To assure high fidelity in performance, it is necessary that the various laminae of secondary battery 10 be urged into intimate contact with one another. For the embodiment shown in the drawings, this intimate contact is achieved by inserting the battery within envelope 30 which is suitably at ambient temperature and of a heat shrink film material. When envelope 30 is heated to a temperature of from about 70 to about 100° C., it contracts and thereby urges the various laminae into intimate contact with one another. Heating for a period of about 5 minutes is sufficient. If the battery is very thin, pressure may be applied to the envelope/battery combination during heating to prevent warping. Other methods for ensuring intimate contact between the laminae include the utilization of adhesives and pressure to bind the laminae together or the use of a frame to mechanically urge the laminae into intimate contact.
It should be noted that FIG. 1 and FIG. 2 are not to scale with respect to one another. So that the various laminae can be distinctly seen, the cross-sectional view shown by FIG. 2 has been expanded widthwise. In actuality, the thickness of battery 10 is much narrower in accordance with the thin polymer films and collector plates actually used.
A feature of the secondary battery of this invention is that elevated temperatures are not required to achieve useful discharge voltages, but rather that the subject batteries can be conveniently discharged and recharged at ambient temperatures, e.g., 77° F. (25° C.).
A first electronically conductive polymer film was prepared as follows:
A 25 wt. % lithium iodide solution was prepared by adding lithium iodide to di(triethylene glycol butyl ether)terephthalate.
One hundred parts by weight of dispersion grade poly(vinyl chloride) was added to 20 parts by weight epoxidized soybean oil and 33 parts by weight dipropylene glycol methyl ether acetate solvent with mixing. After a substantially homogeneous mix was obtained, 105 parts by weight of 1 micron particle size graphite powder was added thereto with mixing. Then, to this mix was added the di(triethylene glycol butyl ether)terephthalate 25 wt. % lithium iodide solution with further mixing. The resultant mixture was poured onto a smooth glass plate and a "doctor blade" was used to render a film of about 15 mils thickness. The film was cured in an air blown oven for 15 to 20 minutes at about 125° C.
A second electronically conductive film was prepared in the same manner as was the first, except that, instead of lithium chloride, zinc chloride was used.
An ionically conductive film was prepared by the following procedure. A di(triethylene glycol butyl ether)terephthalate 1 wt. % sodium tetraphenylborate solution was prepared by adding the salt to di(triethylene glycol butyl ether)terephthalate with heating (30° C.) and stirring.
Under mixing, 100 parts by weight of dispersion grade poly(vinyl chloride) was added to 20 parts by weight epoxidized soybean oil and 33 parts by weight dipropylene glycol methyl ether acetate. A homogeneous mix was obtained. To this resultant mixture, the di(triethylene glycol butyl ether)terephthalate 1 wt. % sodium tetraphenylborate solution was added with mixing. This last mix was poured onto a smooth glass plate and reduced to a thickness of about 15 mil with a "doctor blade". The film was cured in an air blown oven for 15 to 20 minutes at about 125° C.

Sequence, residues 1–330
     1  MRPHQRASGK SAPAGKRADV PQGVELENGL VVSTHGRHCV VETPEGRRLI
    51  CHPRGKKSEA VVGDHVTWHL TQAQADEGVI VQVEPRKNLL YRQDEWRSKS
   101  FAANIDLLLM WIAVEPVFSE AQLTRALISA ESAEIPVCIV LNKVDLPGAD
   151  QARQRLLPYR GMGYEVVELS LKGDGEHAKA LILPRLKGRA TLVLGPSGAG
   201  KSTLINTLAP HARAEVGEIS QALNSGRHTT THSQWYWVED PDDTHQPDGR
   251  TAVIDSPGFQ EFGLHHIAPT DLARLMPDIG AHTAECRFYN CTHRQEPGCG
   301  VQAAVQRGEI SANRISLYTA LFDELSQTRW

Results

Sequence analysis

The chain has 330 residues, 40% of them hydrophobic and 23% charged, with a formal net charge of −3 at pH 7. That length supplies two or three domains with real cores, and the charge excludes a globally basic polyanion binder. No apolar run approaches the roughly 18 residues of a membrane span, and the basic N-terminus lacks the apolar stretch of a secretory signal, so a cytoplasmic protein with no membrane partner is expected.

A laminate was then formed to provide a battery. The laminate consisted of: a first, generally square, 9 in2, brass plate of about 2 mils thickness; a coextensive layer of the first electronically conductive polymer; a coextensive layer of the ionically conductive polymer; a coextensive layer of the second electronically conductive polymer; and a second, generally square, 9 in2, brass plate of about 2 mils thickness. The laminae were then mechanically pressed together between two plates of nonconductive material, e.g., plexiglass. An anode lead was connected to the first brass plate and a cathode lead was connected to the second brass plate.
A constant 400 mA, variable voltage DC charging current was applied to the cathode. The voltage varied from 2 volts to 100 volts and was varied to maintain the constant 400 mA value during charging. The initial charge period was 8 hours. Subsequent charge periods took only about 5 hours. The charge battery was discharged through a 10,000 ohm resistor. The discharge voltage was 1.5 volts, the discharge amperage was 200 microamps and the discharge time was 8 hours.
The same procedure was followed as in Example 1 except that aluminum plates were used instead of brass plates. The resultant charged battery was discharged through a 10,000 ohm resistor and the discharge voltage was 1.5 volts and the discharge amperage was 200 microamps. The discharge time was 8 hours. Thus, no difference was seen between using brass or aluminum plates.
The procedure of Example 1 was followed except that instead of di(triethylene glycol butyl ether)terephthalate 25 wt. % lithium iodide solution, a di(triethylene glycol butyl ether)terephthalate 25 wt. % copper chloride solution was used.
The battery was discharged through a 10,000 ohm resistor. Discharge voltage was 1 volt while the discharge amperage was 16 microamps. Discharge time was 4 hours.
The same procedure that was used in Example 3 was followed except that the brass plates were substituted with platinum plates. The discharge values through a 10,000 ohm resistor were essentially the same. Thus, there is little difference seen between the use of brass or platinum plates.
The same procedure that was used in Example 1 was followed except that a di(triethylene glycol butyl ether)terephthalate 25 wt. % calcium iodide solution was substituted for both the di(triethylene glycol butyl ether)terephthalate 25 wt. % lithium iodide solution and the di(triethylene glycol butyl ether)terephthalate 25 wt. % zinc chloride solution. Discharge through a 10,000 ohm resistor gave a discharge voltage of 3.5 volts and a discharge amperage of 100 microamps. Discharge time was 10 hours.
The procedure of Example 5 was followed except that aluminum plates were used in place of the brass plates. The discharge values through a 10,000 ohm resistor were essentially identical as those reported in Example 5.
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|U.S. Classification||429/307, 429/213, 429/317, 429/314, 429/199|
|International Classification||H01M10/0565, H01M10/052, H01M4/60|
|Cooperative Classification||H01M10/0565, H01M10/052, H01M4/60|
|European Classification||H01M10/0565, H01M10/052, H01M4/60|
|Aug 26, 1987||AS||Assignment|
Owner name: DOW CHEMICAL COMPANY, THE
Free format text: ASSIGNMENT OF ASSIGNORS INTEREST.;ASSIGNORS:SIEGEL, SANFORD A.;NODING, STEPHEN A.;REEL/FRAME:004753/0222
Effective date: 19861219
|Jan 31, 1991||FPAY||Fee payment|
Year of fee payment: 4
|Aug 1, 1995||REMI||Maintenance fee reminder mailed|
|Dec 24, 1995||LAPS||Lapse for failure to pay maintenance fees|
|Feb 27, 1996||FP||Expired due to failure to pay maintenance fee|
Effective date: 19951227